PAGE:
Sunday, September 4, 2016

Song Of The Islands

Hans Koert (1951-2014)
On this day it has been two years since my good friend and orginator of the Keepswinging website and associated blogs, Hans Koert (1951-2014), passed away all too soon. Hans left us a precious legacy of knowledge, enthusiasm and wit regarding the music he loved and generously documented and shared with the readers of his many articles still accessible. Before it was too late, I promised him to continue his work the best I can, a task I felt and still feel honored to fulfil. Hans and I shared many interests in music, thus, today I'll focus on a subject I know would have pleased him. In remembrance of a dear friend and a great friendship, this entry concerns the music of the popular English bandleader Felix Mendelssohn and his Hawaiian Serenaders.

Felix Bartholdy Mendelssohn (1911-1952)
Felix Mendelssohn was a huge pioneer in helping make Hawaiian music popular in Europe throughout the 1930's and 40's. Born in London in 1911, he originally wanted to become a stockbroker but fate took him on a different journey as his love for Hawaiian music grew. Felix started out as a manager for various clubs and soon became the promotional manager for several band leaders. Felix formed his own dance orchestra that played on Radio Luxembourg and BBC as well as recorded for DECCA. It was in these performances that he would occasionally play a Hawaiian song. In 1938 Felix took over a band led by Canadian steel guitarist, Roland Peachy and renamed it "Felix Mendelssohn's Hawaiian Serenaders". The band was successful in several recordings, but in 1940, Peachy left the band. Felix arranged for a stage tour and a two year contract with Columbia records in 1941. In 1942 the Serenaders made their first appearance in a variety show called the Yankee Clipper and at this time the Serenaders were becoming increasingly popular. The band made 50 short films and their music was reissued and famous all over the world. Felix built up an entire troupe of Hula Dancers from around the world  which he called his "South Sea Lovelies" in which Felix would make up a story about each dancer and would involve audience members in the show as well. In 1946 financial problems overcame the band which continued until 1950 when Felix appeared in bankruptcy court. After promising to repay his debts, he arranged another tour but it was a financial disaster and he had to arrange a free show for the Army so he could get back home. In the fall of 1950, Felix became ill with a stomach ailment and although he continued to work, his health became worse and on February 4, 1952 after entering the hospital, he died of Hodgkins' Disease at the age of 40. (Kanahele, George. Hawaiian Music and Musicians. Honolulu: The University Press of Hawaii, 1979. Qoted from this source)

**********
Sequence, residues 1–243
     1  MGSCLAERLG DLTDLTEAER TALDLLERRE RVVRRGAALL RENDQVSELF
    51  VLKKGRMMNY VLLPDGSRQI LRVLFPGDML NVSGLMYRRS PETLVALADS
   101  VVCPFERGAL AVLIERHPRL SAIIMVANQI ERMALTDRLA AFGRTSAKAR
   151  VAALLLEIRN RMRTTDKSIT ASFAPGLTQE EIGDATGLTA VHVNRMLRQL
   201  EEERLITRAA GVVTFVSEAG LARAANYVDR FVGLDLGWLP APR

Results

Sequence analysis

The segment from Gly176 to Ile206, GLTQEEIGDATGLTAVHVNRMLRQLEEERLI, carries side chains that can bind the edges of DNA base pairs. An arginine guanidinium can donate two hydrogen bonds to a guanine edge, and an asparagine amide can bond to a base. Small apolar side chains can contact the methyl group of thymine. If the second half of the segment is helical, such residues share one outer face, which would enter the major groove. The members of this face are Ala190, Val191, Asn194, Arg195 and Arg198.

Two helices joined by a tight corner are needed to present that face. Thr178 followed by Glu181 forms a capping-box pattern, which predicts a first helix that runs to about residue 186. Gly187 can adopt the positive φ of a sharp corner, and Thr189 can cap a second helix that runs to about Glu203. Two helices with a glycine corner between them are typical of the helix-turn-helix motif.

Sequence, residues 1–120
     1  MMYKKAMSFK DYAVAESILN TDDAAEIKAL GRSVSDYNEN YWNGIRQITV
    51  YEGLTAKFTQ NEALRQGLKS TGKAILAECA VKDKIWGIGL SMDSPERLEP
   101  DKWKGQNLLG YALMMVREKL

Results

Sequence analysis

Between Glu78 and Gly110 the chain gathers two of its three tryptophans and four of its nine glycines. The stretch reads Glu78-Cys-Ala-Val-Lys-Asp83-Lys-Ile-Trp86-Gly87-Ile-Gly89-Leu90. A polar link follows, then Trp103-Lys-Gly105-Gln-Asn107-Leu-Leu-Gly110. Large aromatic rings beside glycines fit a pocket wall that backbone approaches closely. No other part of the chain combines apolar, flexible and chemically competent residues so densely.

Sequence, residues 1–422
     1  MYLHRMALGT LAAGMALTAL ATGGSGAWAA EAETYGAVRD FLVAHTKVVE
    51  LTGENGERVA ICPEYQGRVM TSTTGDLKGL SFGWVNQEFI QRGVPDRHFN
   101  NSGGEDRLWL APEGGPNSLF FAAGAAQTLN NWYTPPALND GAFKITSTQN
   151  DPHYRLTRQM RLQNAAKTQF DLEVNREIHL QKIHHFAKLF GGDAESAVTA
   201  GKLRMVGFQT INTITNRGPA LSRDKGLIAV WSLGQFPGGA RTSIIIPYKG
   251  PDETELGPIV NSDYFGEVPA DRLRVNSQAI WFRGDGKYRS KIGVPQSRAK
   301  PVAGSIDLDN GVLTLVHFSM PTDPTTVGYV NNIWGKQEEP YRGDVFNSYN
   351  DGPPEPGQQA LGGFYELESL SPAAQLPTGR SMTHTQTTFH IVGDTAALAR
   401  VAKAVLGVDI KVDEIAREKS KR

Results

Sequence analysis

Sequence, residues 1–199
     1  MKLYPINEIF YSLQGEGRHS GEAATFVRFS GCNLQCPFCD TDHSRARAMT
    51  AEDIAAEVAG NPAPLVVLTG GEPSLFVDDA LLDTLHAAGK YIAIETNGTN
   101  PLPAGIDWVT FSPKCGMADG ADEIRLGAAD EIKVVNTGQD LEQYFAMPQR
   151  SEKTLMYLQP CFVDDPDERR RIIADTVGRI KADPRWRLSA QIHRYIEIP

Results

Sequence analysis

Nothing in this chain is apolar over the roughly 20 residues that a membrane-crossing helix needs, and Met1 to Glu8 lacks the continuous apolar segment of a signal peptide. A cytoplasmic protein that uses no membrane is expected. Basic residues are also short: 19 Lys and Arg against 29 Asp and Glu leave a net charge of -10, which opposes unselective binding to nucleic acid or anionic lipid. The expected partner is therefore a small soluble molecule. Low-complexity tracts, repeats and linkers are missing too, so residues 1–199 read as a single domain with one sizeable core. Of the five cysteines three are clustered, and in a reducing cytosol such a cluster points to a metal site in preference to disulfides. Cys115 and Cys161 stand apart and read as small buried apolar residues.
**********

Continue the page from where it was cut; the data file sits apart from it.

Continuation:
Felix Mendelssohn's Hawaiian Serenaders ( photo courtesy this source)
I first heard the music of Felix Mendelssohn's Hawaiian Serenaders on a LP reissue of some of the band's recordings associated with the popular swing jazz repertoire of the 1930s and early 1940s and was instantly caught by the high quality of the performance by this English ensemble - ever since I have been a fan of these recordings made 1940-41.
LP front, World Records, SH 394
Fortunately, a lot of material featuring Felix Mendelssohn's Hawaiian Serenaders has since been reissued on CD, a discographical overview is available here

As mentioned in the quoted paragraph above, Felix Mendelssohn's Hawaiian Serenaders made a considerable number of short films during the band's career. The British Pathé archive has saved a selection of these shorts which also have been uploaded on YouTube. Below I'll insert some examples here to share some memorable musical moments with Felix Mendelssohn's Hawaiian Serenaders. - Here is first a performance of Song Of The Islands from 1939

As mentioned, the repertoire of the orchestra also included popular swing tunes of the time, here is a great performance of In The Mood from 1941

The steel guitar player of the Hawaiian Serenaders until 1941 was Roland Peachey -  Enjoy his excellent contribution to this performance of String Harmony from 1940

From 1944, here's a performance of Sophisticated Hula by the Hawaiian Serenaders which by this time had extended its members and replaced Roland Peachey with another steel guitar player (Harry Brooker?)

To end this small presentation of some of the music saved on screen by Felix Mendelssohn's Hawaiian Serenaders, here is the ensemble's version of Aloha Oe featuring a hula dancing maid, paper moon and shady cardboard palm trees in the background - enjoy


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